|author||Carl Worth <firstname.lastname@example.org>||2005-08-23 12:48:17 +0000|
|committer||Carl Worth <email@example.com>||2005-08-23 12:48:17 +0000|
Revise the description of indentation and tabs to be clear (I hope).
Diffstat (limited to 'CODING_STYLE')
1 files changed, 24 insertions, 5 deletions
diff --git a/CODING_STYLE b/CODING_STYLE
index 143723d4f..268d8bcab 100644
@@ -24,14 +24,33 @@ Each new level is indented 4 more spaces than the previous level:
-Spaces or tabs (or a combination) can be used in indentation, but tabs
-must always be interpreted as 8 spaces. Code using single tabs for all
-indentation (expecting people to interpret tabs as 4 spaces) will not
-be accepted in cairo.
+This may be achieved with space characters or a combination of tab
+characters and space characters. It may not be achieved with tab
+characters exclusively (see below).
+The tab character must always be interepreted according to its
+ Advance to the next column which is a multiple of 8.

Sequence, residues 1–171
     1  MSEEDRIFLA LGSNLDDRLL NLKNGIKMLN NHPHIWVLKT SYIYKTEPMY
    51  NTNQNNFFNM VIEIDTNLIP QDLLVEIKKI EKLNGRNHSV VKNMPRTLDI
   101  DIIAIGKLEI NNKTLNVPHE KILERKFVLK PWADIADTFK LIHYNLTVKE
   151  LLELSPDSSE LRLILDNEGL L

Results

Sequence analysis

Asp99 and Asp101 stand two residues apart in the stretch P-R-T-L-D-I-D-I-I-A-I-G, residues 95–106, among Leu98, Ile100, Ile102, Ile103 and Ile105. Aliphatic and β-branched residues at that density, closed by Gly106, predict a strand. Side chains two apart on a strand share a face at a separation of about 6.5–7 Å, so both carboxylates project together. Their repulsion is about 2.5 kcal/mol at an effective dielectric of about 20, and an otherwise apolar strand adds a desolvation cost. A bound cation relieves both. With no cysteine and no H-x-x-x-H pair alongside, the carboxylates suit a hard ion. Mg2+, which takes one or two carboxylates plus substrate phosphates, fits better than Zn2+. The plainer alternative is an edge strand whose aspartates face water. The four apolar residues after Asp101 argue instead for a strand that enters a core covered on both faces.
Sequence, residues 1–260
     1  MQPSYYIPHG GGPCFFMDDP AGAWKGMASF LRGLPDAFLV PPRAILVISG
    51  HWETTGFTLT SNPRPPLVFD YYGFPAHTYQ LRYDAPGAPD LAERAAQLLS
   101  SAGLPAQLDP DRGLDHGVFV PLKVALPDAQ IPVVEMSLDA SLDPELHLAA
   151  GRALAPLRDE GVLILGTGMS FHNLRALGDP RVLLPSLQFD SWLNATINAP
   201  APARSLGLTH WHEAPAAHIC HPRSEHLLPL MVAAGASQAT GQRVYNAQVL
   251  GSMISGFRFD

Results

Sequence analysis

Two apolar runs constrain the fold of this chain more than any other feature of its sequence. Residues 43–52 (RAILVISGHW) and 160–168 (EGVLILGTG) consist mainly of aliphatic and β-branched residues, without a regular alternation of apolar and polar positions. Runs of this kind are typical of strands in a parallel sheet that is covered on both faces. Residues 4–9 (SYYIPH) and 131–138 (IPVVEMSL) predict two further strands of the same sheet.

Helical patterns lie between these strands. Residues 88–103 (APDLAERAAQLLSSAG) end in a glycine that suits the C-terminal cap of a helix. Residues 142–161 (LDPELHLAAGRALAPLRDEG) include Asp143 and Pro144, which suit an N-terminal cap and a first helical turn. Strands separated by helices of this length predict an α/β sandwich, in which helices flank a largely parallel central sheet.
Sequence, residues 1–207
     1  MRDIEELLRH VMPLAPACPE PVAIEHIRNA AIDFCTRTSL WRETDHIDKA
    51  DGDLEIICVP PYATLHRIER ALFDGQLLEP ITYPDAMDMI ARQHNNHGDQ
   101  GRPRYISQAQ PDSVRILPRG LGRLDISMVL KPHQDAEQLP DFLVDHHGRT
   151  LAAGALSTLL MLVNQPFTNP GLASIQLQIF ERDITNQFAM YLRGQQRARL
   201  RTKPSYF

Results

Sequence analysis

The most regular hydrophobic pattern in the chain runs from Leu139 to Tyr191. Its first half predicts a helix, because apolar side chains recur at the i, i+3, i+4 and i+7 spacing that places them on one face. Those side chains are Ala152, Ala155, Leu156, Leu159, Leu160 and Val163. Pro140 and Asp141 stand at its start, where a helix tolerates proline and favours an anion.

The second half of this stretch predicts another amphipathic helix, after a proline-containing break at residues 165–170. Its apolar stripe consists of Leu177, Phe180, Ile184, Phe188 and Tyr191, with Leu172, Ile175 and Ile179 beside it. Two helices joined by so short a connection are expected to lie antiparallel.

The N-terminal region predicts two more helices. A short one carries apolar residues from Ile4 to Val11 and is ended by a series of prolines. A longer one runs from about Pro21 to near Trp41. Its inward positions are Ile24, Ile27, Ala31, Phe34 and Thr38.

+With this definition, even levels of indentation can be achieved with
+a sequence of tab characters, while odd levels of indentation may
+begin with a sequence of tab character but must end with 4 space
+Some programmers have been misled by certain text editors into
+thinking that 4-space indentation can be achieved with tab characters
+exclusively by changing the meaning of tab character to be "advance to
+the next column which is a multiple of 4". Code formatted in this way,
+making an assumption of a fictitious 4-character-tab will not be
+accepted into cairo.
The rationale here is that tabs are used in the code for lining things
up other than indentation, (see the Whitespace section below), and
-changing the interpretation of tab from 8 characters will break this.
+changing the interpretation of tab from its traditional meaning will
+break this alignment.